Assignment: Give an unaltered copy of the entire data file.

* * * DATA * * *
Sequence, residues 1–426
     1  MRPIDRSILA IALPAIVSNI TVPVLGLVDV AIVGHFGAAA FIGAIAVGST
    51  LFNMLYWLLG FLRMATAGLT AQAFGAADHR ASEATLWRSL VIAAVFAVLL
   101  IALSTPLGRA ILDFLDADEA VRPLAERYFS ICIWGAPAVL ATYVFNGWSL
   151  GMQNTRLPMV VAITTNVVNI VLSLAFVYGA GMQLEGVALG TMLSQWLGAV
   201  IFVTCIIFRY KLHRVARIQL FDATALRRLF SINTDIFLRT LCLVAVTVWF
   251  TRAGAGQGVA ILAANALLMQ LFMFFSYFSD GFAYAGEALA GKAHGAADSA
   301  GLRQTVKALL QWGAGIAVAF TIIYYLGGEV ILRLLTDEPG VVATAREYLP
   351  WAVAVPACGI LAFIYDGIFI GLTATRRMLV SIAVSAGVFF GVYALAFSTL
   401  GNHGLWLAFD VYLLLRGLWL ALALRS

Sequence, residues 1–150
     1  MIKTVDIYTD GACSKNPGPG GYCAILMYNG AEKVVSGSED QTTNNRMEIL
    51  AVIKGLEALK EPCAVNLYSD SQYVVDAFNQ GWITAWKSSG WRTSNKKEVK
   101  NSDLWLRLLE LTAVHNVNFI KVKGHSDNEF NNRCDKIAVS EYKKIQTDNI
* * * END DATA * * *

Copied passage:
Sequence, residues 1–426
     1  MRPIDRSILA IALPAIVSNI TVPVLGLVDV AIVGHFGAAA FIGAIAVGST
    51  LFNMLYWLLG FLRMATAGLT AQAFGAADHR ASEATLWRSL VIAAVFAVLL
   101  IALSTPLGRA ILDFLDADEA VRPLAERYFS ICIWGAPAVL ATYVFNGWSL
   151  GMQNTRLPMV VAITTNVVNI VLSLAFVYGA GMQLEGVALG TMLSQWLGAV
   201  IFVTCIIFRY KLHRVARIQL FDATALRRLF SINTDIFLRT LCLVAVTVWF
   251  TRAGAGQGVA ILAANALLMQ LFMFFSYFSD GFAYAGEALA GKAHGAADSA
   301  GLRQTVKALL QWGAGIAVAF TIIYYLGGEV ILRLLTDEPG VVATAREYLP
   351  WAVAVPACGI LAFIYDGIFI GLTATRRMLV SIAVSAGVFF GVYALAFSTL
   401  GNHGLWLAFD VYLLLRGLWL ALALRS

Sequence, residues 1–150
     1  MIKTVDIYTD GACSKNPGPG GYCAILMYNG AEKVVSGSED QTTNNRMEIL
    51  AVIKGLEALK EPCAVNLYSD SQYVVDAFNQ GWITAWKSSG WRTSNKKEVK
   101  NSDLWLRLLE LTAVHNVNFI KVKGHSDNEF NNRCDKIAVS EYKKIQTDNI